Data Breach Lawsuits on the Rise: Is Your Healthcare Organization Prepared?

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Cyber attacks in the healthcare industry threaten patient care and privacy. While PHI and PII exposure is often immediate, there is also a long-term cost of cyber attacks. Healthcare organizations often face lawsuits following breaches. And these incidents are on the rise. 

Lawsuits are financially costly, but they can also take a toll on your organization’s image. Here’s what healthcare facilities should know about the recent uptick in lawsuits and how you can boost data security

What to Know About Data Breach Lawsuits

Data Breach Lawsuits Are on the Rise

It’s no secret that cyber attacks against healthcare organizations are on the rise. Data shows that data breaches in healthcare increased by 55.1% between 2019 and 2020. And this upward trend doesn’t seem to be slowing down. 

During the first six months of 2021, there were 377 breaches reported to the U.S. Department of Health and Human Services (HHS) Office of Civil Rights (OCR). This marks a nearly 40% year-over-year increase between mid-year 2020 and 2021. And as this data rolls out, cyber experts predict that healthcare breaches will triple in 2021.  Some recent examples include:

  • Northern Light Health is facing a class-action lawsuit for the Blackbaud breach that affected over 650,000 people (about half the population of Hawaii). This was a global attack targeting the fundraising platforms of over 25,000 organizations. 
  • Two patients filed a lawsuit against Hackensack Meridian Health alleging the health system failed to protect their information from a ransomware attack.
  • Scripps Health is facing a class-action lawsuit for the malware attack that compromised their system’s network.  Plaintiffs are alleging that Scripps failed to properly secure and protect patients’ health information and now face a lifetime risk of identity theft.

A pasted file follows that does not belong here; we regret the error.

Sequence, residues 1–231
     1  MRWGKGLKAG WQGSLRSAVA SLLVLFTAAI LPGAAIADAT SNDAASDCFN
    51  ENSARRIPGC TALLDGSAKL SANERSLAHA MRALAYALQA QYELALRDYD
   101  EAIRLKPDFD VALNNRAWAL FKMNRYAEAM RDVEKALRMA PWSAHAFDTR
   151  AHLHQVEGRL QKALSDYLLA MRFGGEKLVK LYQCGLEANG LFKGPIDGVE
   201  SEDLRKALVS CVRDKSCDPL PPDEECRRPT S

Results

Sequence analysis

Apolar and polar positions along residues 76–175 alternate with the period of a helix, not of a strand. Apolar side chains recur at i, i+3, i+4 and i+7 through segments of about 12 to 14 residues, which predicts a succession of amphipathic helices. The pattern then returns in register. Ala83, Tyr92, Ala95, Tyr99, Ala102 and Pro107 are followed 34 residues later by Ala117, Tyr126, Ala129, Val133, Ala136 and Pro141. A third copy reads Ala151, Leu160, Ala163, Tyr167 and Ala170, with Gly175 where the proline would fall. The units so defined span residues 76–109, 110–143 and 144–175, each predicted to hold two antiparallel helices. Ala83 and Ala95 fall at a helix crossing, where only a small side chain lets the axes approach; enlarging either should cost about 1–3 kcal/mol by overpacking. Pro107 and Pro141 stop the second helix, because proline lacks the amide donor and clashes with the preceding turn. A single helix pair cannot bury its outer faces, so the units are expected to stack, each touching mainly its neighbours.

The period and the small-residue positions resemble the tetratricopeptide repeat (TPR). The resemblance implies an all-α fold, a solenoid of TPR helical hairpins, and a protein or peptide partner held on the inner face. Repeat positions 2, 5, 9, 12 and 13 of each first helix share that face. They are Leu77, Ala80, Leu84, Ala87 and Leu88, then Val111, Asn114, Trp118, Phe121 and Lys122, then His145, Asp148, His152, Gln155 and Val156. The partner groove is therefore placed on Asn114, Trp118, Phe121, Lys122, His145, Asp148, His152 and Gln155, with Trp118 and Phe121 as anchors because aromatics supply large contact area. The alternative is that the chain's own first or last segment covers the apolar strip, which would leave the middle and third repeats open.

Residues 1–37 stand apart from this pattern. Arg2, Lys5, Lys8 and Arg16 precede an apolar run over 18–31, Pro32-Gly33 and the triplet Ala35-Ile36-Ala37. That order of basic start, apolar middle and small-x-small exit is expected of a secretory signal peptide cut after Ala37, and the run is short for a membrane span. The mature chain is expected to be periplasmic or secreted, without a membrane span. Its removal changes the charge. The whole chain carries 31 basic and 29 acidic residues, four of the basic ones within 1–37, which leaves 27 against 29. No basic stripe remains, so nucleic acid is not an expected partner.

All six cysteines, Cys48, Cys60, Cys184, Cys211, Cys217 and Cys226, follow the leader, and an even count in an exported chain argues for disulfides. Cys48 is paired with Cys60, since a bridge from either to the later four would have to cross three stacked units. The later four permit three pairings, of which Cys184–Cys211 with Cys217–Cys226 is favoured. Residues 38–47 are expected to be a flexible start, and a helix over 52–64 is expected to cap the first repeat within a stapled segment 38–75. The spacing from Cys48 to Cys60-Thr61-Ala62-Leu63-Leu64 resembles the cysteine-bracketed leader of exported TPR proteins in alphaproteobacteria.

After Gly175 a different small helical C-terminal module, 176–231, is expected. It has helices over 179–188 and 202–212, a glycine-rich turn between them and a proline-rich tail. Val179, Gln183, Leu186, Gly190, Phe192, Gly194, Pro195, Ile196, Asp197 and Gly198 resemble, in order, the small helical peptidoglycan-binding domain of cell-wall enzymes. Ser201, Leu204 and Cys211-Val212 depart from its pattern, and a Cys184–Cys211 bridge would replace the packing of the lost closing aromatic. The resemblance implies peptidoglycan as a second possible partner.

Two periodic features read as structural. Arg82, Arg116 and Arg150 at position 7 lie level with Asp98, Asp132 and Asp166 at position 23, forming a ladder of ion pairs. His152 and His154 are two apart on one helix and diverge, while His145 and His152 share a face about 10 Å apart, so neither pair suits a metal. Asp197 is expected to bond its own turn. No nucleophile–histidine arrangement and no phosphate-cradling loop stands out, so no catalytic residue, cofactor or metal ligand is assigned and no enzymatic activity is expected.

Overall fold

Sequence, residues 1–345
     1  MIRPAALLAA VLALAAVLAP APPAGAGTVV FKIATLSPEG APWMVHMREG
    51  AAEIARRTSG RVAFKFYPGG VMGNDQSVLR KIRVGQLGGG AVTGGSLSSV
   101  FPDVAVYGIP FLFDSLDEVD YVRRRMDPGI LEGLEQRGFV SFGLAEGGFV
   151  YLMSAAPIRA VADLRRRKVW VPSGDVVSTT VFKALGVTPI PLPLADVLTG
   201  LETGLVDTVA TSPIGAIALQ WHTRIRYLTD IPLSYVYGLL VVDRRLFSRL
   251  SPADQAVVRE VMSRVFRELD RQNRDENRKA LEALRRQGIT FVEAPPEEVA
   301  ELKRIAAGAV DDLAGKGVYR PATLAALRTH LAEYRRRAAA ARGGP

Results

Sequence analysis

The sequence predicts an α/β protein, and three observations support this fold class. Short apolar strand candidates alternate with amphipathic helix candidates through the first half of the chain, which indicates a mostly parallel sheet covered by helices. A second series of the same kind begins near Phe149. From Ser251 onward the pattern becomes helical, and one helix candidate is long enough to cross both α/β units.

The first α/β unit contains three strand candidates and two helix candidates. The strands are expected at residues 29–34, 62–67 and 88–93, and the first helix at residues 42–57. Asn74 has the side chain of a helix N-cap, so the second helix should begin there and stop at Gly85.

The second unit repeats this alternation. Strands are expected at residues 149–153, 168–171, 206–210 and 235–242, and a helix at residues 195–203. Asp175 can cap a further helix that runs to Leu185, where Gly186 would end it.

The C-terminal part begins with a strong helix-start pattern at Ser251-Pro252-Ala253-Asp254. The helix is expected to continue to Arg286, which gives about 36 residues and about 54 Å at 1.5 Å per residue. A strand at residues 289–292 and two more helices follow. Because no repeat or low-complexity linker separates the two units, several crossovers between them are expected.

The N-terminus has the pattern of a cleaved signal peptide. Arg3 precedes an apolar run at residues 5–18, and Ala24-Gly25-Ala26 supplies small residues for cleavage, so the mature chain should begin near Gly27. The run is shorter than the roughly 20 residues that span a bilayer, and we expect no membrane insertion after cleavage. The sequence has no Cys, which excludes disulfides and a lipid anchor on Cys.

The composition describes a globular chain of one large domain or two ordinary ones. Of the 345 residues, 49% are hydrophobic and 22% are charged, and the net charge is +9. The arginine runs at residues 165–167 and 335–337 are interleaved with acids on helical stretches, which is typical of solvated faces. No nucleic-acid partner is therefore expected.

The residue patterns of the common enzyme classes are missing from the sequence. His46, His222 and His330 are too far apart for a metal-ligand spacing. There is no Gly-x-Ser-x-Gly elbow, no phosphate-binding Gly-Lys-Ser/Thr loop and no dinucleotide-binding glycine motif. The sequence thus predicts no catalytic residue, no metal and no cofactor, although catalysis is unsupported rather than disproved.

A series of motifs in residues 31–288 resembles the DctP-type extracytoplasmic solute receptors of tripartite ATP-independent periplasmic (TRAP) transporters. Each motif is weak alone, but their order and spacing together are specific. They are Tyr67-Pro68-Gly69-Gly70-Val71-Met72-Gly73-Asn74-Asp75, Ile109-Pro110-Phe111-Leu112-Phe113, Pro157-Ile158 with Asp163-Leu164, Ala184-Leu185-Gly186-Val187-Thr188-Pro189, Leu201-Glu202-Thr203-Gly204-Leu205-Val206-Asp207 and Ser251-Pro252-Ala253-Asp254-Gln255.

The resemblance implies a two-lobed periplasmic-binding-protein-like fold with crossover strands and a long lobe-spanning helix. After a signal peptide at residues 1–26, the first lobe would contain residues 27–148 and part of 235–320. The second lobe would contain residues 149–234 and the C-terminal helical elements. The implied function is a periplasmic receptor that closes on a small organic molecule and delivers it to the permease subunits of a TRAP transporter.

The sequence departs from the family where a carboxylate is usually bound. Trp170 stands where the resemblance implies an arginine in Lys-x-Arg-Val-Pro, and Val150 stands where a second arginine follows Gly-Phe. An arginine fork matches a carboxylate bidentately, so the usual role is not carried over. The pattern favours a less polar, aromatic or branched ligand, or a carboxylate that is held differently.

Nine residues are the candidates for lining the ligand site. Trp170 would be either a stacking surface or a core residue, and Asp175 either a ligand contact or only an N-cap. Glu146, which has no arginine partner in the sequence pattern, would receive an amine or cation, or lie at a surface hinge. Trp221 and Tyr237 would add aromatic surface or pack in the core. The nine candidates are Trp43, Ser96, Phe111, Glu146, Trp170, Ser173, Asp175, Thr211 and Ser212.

While these are some of the higher-profile lawsuits in the industry, organizations of all sizes are facing legal action for data exposure. Lawsuits stem from HIPAA (Health Insurance Portability and Accountability) violations and internal mismanagement of medical records, as well as external attacks. 

Even a small mishap can lead to millions of dollars in damages. Facilities need to do everything they can to protect their assets, as well as the privacy of their patients. 

How to Protect Your Healthcare Organization

Healthcare IT teams have a daunting task. As cyber criminals use increasingly sophisticated tactics to access data, your organization needs to prioritize cybersecurity. The best way to avoid lawsuits is to prevent data breaches. And this involves a wide set of tools and cybersecurity services. 

Ways to protect your facility against breaches, and lawsuits, include:

  • Schedule Penetration Testing: The first step in preventing breaches and lawsuits is assessing your organization’s security posture. A simulated attack is one of the best ways to do this. During a penetration test, ethical hackers use both manual and automated techniques mimicking real-world threat actors to demonstrate the impact of successful exploitation of vulnerabilities and misconfigurations of your organization. This can prove the efficacy of an organization’s ability to prohibit access to your organization’s network, databases, and endpoint devices. The cybersecurity firm then generates a report detailing how the hackers achieved their objectives and what your IT team can do to prevent real-life attacks.